Railroad freight cars never get washed. Locomitives
sometimes do, but they too get a coat of "road grime" on them. Road
grime is seen in the pic below of a typical Chessie boxcar. The coat
of dirt is relatively even across the car. This shows that the car
has been in use and not brand new.
To apply road grime, use a dark grey color thinned 1 part paint to 10 parts thinner. Coat the entire car and see how it looks. You should notice only a slight change in the appearance of the car. If you are happy, stop. If you want the car to be "dirtier" then add another coat. Keep adding coats until you are happy with the look.
Next change to a very thinne tannish color. I use a color called "dirt" (appropriate isn't it). Overspray this color in a horizontal stripe along the bottom 1/4 of the car. This will represent the most recent grime. This should be a light coating. Don't over do it.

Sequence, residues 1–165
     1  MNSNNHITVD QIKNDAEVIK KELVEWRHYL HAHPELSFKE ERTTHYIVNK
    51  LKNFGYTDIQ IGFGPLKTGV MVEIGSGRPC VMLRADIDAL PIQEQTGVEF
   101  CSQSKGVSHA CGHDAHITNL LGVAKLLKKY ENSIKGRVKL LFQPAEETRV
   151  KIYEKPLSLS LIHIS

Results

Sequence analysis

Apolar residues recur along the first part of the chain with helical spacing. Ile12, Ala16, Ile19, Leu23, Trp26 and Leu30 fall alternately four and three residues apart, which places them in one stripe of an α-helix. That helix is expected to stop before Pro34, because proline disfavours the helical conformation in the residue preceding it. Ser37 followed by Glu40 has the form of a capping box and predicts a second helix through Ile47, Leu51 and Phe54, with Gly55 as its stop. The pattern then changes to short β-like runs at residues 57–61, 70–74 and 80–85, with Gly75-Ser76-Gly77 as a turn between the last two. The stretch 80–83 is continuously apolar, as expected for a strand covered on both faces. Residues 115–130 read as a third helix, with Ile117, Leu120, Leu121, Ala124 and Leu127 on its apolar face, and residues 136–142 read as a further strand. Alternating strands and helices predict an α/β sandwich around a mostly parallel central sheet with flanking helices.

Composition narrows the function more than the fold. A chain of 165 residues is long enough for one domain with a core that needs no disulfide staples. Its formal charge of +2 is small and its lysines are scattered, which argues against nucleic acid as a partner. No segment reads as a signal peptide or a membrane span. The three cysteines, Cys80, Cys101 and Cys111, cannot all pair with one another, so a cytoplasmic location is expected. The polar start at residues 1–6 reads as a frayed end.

Remember that most cars are moderately dirty. Few are pristine and few are completely filthy. Don't weather all of your cars in extremes.
Below is an example:
The top Bowser 100T Hopper is fresh out of the box. The bottom one has been oversprayed with just two coats of the very thinned dark grey. See what a difference it makes. The bottom car looks like it belongs on a railroad, the top one looks like a toy.